The message on my friend’s WhatsApp read, ”I haven’t seen such miserable days in my life, where one’s parents were allowed to talk for one minute and the call would disconnect at 58 seconds, and they would keep saying from the other side, ‘esi chi theek che hes ne tension’ (We are all alright you don’t panic).”

And my friend said she kept calling, crying, waiting for her mother’s call the next time and it’s been 15 days since I last heard my mother’s voice.

Living outside Kashmir the past month has been by far the greatest ordeal of one’s life, practising patience, chaotic stress, raged emotions and the beleaguered test of time. Also the acceptance of a failure to do nothing with equanimity.

The last time any Kashmiri faced such sleepless nights and uncouth days was back in the 2014 floods, where nature inflicted an ordeal on us.

Having said all this, Kashmir since the clampdown 50 days back has seen an unprecedented total blackout of all points of the communication system. This communication blackout in any democratic welfare state is hard to identify, especially when Parliament’s decision has been advocated as the harbinger of peace and panacea of development for Kashmir.

Paradoxically the blackout hits out at their own claims, when they project it as being in consonance with the aims and aspirations of the people of Kashmir in particular.

What does the common Kashmiri think?

A rusty jittered confined Kashmiri, ridden within the mortuary of his own misfortunes, thinks he is the most unfortunate person in the whole world, living for sake of conformity to ideologies being forced upon him by both India and Pakistan, and being treacherously played by the politicians of the state.

For her the scrapping of Article 370 means the alienation has manifolded, the Indianness that remained has withered, and her identity which was unique is tormenting, tantalising and slowly becoming history.

Essentially, Kashmiris who viewed mainstream Kashmiri leaders as pro-Indian opportunitists who always thrived to sustain their own social, economic and political aspirations, and were flagbearers of the democratic process in Kashmir… are now being subjected to such use of force and face an existential threat. This further complicates the process.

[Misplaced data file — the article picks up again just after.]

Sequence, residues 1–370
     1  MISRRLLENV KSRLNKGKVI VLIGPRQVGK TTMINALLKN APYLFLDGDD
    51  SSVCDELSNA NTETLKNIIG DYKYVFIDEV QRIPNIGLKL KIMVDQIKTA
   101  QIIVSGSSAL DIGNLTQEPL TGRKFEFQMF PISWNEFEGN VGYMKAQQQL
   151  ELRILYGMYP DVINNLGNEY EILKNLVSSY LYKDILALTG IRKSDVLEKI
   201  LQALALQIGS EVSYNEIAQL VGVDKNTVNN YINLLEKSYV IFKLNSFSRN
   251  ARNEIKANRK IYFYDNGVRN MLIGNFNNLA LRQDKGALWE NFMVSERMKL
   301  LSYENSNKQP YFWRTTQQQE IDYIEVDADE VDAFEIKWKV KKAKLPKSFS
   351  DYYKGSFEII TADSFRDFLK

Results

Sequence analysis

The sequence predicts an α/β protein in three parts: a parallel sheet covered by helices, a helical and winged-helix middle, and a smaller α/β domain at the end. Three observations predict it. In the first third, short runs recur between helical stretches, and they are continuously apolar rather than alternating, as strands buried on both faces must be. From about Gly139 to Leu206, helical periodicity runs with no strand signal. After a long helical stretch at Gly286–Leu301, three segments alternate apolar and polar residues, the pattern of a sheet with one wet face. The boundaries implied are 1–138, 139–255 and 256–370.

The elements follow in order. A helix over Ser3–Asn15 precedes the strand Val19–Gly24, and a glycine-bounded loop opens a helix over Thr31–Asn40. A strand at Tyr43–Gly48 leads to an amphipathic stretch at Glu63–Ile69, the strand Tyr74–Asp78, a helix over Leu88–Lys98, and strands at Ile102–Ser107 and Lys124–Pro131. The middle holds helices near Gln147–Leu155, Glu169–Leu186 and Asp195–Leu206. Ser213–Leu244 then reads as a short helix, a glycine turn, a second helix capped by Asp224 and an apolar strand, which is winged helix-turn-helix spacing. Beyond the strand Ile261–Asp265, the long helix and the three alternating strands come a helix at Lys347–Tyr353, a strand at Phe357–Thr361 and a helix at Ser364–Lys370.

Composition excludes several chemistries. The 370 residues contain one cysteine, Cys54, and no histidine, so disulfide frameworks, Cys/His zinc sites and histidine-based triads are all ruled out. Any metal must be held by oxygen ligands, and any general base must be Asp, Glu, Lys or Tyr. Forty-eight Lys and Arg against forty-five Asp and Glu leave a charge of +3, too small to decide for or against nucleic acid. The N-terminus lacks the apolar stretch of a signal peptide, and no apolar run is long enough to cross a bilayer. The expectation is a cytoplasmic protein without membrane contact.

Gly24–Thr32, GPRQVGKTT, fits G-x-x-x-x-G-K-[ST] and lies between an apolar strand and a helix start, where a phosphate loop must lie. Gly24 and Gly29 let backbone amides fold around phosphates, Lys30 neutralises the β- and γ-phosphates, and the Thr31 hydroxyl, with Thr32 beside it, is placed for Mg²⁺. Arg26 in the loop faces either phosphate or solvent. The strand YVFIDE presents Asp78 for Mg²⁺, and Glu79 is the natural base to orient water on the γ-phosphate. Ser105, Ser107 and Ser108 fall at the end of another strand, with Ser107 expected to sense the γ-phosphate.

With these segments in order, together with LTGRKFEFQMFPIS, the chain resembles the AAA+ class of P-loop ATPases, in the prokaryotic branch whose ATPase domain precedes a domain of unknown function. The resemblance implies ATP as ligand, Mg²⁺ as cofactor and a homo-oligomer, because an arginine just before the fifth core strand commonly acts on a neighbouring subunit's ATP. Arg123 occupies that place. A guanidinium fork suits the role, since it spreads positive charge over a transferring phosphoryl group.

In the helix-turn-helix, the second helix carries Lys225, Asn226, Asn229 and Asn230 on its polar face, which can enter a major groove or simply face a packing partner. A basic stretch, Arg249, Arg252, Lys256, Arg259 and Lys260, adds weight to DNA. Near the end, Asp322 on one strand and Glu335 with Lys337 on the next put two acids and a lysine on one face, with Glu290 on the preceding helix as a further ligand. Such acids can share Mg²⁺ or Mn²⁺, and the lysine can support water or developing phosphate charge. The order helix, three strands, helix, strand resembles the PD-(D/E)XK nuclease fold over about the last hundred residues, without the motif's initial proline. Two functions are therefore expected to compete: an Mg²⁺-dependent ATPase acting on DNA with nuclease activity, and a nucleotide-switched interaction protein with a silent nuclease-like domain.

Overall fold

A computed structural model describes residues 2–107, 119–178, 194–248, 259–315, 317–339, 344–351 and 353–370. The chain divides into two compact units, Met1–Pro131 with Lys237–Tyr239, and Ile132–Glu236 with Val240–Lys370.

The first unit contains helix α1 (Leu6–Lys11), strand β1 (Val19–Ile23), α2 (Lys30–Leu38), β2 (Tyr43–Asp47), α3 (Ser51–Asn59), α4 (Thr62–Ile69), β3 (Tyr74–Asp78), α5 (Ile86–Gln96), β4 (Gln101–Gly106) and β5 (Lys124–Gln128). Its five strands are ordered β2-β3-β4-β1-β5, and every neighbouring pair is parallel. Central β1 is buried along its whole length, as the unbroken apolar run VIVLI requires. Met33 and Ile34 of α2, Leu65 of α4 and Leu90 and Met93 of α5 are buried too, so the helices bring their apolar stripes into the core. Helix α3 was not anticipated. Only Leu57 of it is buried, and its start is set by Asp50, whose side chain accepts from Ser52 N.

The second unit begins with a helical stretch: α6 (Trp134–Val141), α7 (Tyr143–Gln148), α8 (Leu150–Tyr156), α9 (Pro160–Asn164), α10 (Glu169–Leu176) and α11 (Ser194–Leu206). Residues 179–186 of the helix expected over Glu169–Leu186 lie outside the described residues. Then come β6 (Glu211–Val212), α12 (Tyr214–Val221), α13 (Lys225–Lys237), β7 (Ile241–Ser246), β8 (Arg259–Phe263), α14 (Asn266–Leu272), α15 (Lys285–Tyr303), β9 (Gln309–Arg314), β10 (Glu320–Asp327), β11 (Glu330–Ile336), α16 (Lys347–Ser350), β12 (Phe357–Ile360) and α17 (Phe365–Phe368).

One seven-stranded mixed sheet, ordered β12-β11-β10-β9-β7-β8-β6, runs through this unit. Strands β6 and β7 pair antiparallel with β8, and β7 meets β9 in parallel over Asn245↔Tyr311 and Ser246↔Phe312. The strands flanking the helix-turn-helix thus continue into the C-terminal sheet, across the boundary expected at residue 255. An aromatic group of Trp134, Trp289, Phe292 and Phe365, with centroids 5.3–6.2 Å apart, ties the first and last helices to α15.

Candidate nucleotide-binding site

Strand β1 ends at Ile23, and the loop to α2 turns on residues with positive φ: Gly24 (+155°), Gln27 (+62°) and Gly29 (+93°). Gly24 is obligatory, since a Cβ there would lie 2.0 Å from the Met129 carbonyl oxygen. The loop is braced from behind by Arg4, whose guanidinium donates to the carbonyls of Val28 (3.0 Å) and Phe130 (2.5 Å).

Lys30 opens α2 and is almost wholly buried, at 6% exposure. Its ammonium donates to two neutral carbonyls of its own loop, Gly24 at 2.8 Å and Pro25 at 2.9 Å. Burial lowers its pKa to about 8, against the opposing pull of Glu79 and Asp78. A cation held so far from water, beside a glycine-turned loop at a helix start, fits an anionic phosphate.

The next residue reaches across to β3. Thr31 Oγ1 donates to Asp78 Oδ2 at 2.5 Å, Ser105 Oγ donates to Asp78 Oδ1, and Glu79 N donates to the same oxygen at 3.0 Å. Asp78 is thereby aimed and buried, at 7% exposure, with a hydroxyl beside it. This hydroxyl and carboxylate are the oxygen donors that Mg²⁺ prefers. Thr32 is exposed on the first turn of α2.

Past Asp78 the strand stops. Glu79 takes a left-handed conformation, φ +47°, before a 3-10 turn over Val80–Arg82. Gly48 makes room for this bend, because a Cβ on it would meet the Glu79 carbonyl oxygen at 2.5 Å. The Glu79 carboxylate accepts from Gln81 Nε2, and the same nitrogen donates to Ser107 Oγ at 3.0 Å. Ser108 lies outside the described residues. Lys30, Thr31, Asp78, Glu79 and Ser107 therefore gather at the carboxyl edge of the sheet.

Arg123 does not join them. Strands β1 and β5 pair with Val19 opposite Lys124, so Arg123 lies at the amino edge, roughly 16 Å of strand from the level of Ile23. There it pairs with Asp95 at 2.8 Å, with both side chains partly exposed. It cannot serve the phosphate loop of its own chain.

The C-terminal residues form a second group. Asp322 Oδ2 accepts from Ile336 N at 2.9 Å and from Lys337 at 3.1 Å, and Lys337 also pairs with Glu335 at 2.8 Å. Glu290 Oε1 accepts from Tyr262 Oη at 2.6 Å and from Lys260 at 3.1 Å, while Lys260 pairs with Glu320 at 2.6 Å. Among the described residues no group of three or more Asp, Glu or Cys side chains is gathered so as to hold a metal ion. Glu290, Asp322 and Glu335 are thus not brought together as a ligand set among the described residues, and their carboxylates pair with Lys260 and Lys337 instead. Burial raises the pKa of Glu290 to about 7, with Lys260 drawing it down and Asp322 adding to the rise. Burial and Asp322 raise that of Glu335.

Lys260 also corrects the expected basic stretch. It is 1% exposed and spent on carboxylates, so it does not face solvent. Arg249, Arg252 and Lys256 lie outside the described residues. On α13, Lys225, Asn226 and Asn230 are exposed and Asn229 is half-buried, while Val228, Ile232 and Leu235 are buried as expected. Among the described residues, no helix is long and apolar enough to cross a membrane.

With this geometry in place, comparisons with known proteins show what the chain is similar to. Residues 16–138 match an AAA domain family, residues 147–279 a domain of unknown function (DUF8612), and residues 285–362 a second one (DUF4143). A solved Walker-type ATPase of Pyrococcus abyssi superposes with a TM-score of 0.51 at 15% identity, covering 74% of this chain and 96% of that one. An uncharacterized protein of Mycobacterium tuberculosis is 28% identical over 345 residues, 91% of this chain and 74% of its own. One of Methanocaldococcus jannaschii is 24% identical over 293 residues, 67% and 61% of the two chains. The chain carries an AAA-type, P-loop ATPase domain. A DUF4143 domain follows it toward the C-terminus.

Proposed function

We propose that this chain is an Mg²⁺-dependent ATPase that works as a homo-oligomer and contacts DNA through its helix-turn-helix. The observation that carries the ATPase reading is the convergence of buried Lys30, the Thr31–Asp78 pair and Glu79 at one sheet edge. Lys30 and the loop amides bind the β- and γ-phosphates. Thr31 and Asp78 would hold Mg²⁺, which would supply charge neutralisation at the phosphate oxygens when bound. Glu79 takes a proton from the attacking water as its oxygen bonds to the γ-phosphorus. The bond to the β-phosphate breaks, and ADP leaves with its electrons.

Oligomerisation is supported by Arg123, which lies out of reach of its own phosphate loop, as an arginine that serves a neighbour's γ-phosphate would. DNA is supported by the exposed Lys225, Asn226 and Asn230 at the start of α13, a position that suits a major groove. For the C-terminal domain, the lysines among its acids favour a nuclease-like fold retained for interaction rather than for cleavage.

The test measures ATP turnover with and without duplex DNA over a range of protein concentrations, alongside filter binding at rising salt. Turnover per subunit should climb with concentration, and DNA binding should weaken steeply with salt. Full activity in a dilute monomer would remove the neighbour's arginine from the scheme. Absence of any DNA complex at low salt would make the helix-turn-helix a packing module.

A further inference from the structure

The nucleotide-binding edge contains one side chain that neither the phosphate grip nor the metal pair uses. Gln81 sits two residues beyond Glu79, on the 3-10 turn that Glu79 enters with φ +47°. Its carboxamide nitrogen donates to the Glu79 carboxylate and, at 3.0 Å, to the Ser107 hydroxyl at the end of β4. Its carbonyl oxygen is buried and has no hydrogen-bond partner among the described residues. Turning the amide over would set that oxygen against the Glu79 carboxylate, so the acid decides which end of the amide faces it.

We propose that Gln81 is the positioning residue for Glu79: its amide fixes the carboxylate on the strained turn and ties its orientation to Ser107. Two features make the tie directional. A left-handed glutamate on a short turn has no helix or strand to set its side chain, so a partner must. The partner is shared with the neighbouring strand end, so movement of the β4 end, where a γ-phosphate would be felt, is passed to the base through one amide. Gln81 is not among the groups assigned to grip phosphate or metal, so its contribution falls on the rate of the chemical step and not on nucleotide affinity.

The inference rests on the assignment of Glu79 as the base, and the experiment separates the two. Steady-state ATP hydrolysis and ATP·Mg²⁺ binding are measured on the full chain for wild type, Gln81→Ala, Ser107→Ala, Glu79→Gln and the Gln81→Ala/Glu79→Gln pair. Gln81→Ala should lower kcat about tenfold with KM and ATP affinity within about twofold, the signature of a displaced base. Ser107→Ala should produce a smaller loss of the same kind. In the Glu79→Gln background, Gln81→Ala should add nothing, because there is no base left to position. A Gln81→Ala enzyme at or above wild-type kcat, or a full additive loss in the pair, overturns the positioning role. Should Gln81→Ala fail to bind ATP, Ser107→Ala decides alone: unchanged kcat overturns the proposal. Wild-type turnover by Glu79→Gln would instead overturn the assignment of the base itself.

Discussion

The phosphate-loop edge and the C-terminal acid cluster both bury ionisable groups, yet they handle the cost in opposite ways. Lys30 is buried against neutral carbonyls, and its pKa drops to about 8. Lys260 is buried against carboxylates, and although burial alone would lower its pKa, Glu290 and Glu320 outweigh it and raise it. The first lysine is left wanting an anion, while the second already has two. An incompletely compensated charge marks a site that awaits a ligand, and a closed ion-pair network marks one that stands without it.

Kashmiris must face a dilemma: whether it’s a drama staged by stooges, or a political gimmick, or an instrument of authoritarianism, or an impending existential threat? It’s something that needs to be seen.

Days turn into weeks and weeks into months now, and the crackdown on leaders and the youth, the communication clampdown, no schools and no colleges, no tourism and no business mark the end of days, particularly in Kashmir.

The way out. The government has its task cut out in J&K. With the bifurcation of the state into union territories, the anguish and the arrogance consuming the people of Kashmir needs a vent, and it remains to be seen whether it will be a volcano of anger that erupts, or bubbles of lost hope that will vaporise, in this guillotine atmosphere of no dissent.

To prevent further ground level escalation and crush the rumours, the government should prioritise the opening of communication levels, encourage people to people contacts, boost confidence building measures, and initiate manifold discussions with civil society.

Things mustn’t get worse. A mother hasn’t talked to her daughter studying in other Indian states, a child hasn’t heard from his father working in the districts of faraway Indian states, a brother hasn’t wished his sister on her birthday… All these are your collaborators of peace, and tools to bridge the growing alienation.

Working for peace in Kashmir is the hardest thing to do. Atal Bihari Vajpayee’s ‘insaniyat, jamhooriyat, kashmiriyat’ (Humanity, Democracy, Kashmirness) was hope against all odds in acceding to the fact that Kashmir must be handled on humanitarian grounds, reinforced with democratic values, by safeguarding the rights and privileges of perhaps the most drought and war torn people in the world.

The current scenario contradicts the BJP’s own ideologue.

The paradox of ‘Who venerates Vajpayee and who negates him’ has been created. This is perplexing and will create a vacuum so far as how Kashmiris viewed the BJP under Vajpayee and and how they view it under Modi.

Kashmir as land is yours now. Can you own its people?

It’s the cruellest question.

Tahir Ahmad is a Kashmiri freelance writer and practising maxillofacial surgeon.

(Cover Photo: BASIT ZARGAR for The Citizen)